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Author Topic: Proper language documentation available?  (Read 1295 times)
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http://arduino.cc/en/Reference/Pointer is rather scant on information. Can anyone point me to a resource which explains this?

I fould an example somewhere where & (reference) and * (dereference) is used to pase a parameter by reference, but I have run into problems trying to pas a parameter by reference when the parameter was received by reference....

help

When I enter

Code:
void processMotor(String* inString) {
String myWord;

//read word and process
while (&inString != '') {
myWord = getNextWord(inString);

I get the following trying to compile.

Code:
ServoMotorTest.cpp:117:22: error: empty character constant

Which I have narrowed down to the where line.
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Quote
   while (&inString != '') {
Values are passed to functions by value or passed by reference. In the absence of the &, values are passed by value.

Inside the function, how the data was passed is completely irrelevant.

So, why do you have an & in front of inString? In this context, & means address of. So, you are (trying to) compare the address of inString to ''. Does that really make sense?

Quote
I fould an example somewhere where & (reference) and * (dereference)
The * is not dereference. It indicates a pointer. The variable is a pointer to data of the specified type.

Quote
but I have run into problems trying to pas a parameter by reference when the parameter was received by reference.
Once more, please, in English.

Parameters are passed by reference, not received be reference.
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nevermind...

I have done the following.

Code:
void processMotor(String* inString) {
String myWord;
String myInString = *inString;

//read word and process
while (myInString != "") {
    myWord = getNextWord(&myInString);

lol - Thanks for the response Paul. It's late and I have been at it since 8 yesterday morning. I should go to bed now...
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If you pass the string by reference, what is passed is the location of the String object. There is, then, no reason to copy the string.

In case you aren't aware:
Code:
String myInString = *inString;
invokes the copy operator, defeating the purpose of passing be reference, rather than by value.

Of course, code snippets never tell the whole story.
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This tutorial helped refresh my member on pointers:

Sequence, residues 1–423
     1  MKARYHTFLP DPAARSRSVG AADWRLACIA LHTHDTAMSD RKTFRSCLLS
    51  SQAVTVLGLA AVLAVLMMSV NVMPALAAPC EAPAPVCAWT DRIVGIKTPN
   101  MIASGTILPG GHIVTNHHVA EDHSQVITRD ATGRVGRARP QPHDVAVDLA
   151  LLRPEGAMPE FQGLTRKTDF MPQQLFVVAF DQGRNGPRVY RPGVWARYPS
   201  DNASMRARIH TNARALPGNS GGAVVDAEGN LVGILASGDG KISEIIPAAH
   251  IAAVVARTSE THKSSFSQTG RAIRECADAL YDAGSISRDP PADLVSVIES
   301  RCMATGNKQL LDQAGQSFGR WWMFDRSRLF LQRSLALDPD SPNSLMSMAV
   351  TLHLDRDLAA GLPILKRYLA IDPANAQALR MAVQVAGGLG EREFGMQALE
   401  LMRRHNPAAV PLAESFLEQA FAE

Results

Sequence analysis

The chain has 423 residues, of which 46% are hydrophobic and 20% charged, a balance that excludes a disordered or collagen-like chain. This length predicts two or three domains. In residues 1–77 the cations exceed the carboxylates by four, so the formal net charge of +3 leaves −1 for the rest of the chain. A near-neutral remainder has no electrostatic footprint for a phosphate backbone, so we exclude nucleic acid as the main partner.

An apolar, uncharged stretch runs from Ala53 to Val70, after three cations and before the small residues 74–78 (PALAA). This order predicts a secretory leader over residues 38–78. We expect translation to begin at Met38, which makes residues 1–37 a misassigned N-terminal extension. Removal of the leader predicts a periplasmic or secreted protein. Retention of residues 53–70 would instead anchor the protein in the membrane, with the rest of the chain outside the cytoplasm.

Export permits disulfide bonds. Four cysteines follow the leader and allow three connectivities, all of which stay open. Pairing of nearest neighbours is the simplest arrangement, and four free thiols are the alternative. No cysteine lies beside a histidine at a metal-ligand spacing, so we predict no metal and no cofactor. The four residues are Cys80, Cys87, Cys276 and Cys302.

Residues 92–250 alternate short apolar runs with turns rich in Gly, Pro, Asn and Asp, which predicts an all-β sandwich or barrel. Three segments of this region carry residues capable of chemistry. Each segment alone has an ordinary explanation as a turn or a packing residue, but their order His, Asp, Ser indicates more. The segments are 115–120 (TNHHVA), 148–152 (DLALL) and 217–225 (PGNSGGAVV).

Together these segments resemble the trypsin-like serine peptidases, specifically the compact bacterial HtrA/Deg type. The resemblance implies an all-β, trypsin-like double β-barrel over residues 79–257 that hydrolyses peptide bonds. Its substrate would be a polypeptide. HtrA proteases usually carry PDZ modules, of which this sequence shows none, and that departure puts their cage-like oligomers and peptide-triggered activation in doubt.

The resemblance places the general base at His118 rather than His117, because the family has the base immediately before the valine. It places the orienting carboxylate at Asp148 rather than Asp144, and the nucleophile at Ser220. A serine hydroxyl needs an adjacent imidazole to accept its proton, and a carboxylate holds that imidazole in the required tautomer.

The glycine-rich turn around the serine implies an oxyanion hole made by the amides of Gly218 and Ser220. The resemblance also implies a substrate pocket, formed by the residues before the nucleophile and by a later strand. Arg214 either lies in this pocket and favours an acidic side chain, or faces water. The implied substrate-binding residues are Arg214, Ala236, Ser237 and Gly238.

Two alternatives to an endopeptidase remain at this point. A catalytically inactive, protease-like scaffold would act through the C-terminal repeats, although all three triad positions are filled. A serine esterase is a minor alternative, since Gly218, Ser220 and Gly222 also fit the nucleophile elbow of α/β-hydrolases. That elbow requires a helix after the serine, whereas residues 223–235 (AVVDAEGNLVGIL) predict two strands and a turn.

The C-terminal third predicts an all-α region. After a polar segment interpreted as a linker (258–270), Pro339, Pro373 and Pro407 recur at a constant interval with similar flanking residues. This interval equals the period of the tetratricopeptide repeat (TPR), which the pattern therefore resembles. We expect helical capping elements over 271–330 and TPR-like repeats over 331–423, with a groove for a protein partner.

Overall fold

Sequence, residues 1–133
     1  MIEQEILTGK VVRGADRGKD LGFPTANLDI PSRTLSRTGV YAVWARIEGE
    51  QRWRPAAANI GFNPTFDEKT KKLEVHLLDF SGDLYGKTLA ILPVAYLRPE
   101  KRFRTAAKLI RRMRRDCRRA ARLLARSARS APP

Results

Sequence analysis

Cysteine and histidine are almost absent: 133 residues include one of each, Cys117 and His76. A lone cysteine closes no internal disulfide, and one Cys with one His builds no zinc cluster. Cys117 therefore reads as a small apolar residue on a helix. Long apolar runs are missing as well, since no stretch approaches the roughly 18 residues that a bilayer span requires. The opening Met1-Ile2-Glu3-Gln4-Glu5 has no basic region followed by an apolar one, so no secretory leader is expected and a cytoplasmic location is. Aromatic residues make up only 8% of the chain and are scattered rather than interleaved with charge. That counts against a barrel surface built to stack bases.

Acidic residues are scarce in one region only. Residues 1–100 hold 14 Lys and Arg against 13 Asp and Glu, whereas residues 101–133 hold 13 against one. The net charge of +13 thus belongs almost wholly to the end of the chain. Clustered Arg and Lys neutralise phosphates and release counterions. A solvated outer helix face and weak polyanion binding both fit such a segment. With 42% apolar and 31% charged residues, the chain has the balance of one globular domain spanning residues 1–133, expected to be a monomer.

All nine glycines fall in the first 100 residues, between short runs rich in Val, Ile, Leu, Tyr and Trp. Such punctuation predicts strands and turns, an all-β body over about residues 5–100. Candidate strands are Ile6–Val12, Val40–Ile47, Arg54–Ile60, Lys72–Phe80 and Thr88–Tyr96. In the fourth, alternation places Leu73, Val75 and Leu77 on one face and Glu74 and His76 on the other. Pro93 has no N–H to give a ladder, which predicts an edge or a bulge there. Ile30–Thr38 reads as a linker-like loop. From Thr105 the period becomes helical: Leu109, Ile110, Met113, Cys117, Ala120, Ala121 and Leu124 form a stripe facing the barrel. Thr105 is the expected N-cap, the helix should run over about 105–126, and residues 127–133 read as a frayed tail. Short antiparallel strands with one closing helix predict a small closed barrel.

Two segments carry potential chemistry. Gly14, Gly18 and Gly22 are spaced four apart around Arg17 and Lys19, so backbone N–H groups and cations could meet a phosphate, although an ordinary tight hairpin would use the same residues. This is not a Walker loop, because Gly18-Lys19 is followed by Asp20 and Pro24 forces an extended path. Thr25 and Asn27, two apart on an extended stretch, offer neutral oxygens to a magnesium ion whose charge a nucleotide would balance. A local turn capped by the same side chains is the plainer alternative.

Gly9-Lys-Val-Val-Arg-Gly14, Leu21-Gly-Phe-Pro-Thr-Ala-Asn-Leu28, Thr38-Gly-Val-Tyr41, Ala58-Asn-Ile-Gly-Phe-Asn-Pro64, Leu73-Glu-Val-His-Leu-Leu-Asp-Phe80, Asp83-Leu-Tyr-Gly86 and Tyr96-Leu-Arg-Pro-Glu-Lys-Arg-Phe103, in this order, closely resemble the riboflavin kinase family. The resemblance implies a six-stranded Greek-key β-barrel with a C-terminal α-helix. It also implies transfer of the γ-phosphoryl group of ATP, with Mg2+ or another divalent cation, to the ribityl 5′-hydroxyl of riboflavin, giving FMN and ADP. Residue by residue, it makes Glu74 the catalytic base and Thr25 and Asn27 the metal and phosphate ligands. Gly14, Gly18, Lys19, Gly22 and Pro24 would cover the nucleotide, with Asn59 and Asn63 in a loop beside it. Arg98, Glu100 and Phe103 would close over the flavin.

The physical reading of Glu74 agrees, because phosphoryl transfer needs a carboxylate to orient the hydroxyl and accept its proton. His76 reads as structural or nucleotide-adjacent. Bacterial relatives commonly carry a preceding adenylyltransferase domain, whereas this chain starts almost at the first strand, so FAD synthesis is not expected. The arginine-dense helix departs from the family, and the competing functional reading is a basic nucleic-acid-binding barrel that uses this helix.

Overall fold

http://pweb.netcom.com/~tjensen/ptr/cpoint.htm

I keep the PDF on my tablet for quick reference.
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The * is not dereference. It indicates a pointer.

* means both - in variable declarations it indicates a pointer type, in expressions it means dereference (a pointer).

Quote
Parameters are passed by reference, not received be reference.

That doesn't make sense - the receiver (the 'callee') has to know how the caller passed the variable, so if it is passed by reference then it must be received as a reference.  If caller and callee disagree on the calling protocol then the result could be nonsense!

The '&' operator means 'address of', the & type operator means 'pass by reference'.  The '*' type operator means 'pass by value', but that the value will be a reference (a pointer).  The distinction can be confusing to newcomers of course - but the rule is if you use '&' (pass by reference) then the compiler knows to automatically dereference appropriately.  If you pass a pointer then the compiler leaves that task to you to get right.  The type system means that you will get warnings or errors if you get confused.

Code:
void foo (int & x)
{
  x++ ;  // increment the variable that is passed by reference - x is an alias for the actual variable in the call.
}

void bar (int y)
{
  y++ ;  // increment the local variable y - this has no effect on any other variable. (this example has no useful effect at all!)
}

void baz (int * z)
{
  (*z)++ ;  // increment the value in the address held in the (pass-by-value) variable z
}

void main ()
{
  int a = 0 ;
  bar (a) ; // pass a's value, no change to a
  foo (a) ; // pass a by reference, a is incremented
  baz (&a) ; // pass a's address by value, a is incremented.

  bar (7) ; // legal, nothing useful results(!)
  foo (7) ; // not legal - the parameter must be a variable
  baz (7) ; // not legal, a type mismatch
  baz ((int *) 7) ; // typecast makes this legal, but unless you know what is at address 7, this is nonsense code.
}

Note that foo and
Code:
baz
will typically be compiled to exactly the same object code...
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Code:
while (&inString != '') {
Quote
error: empty character constant

I don't find that surprising.
An empty character is not the same as an empty string.
« Last Edit: August 07, 2011, 03:28:48 pm by AWOL » Logged

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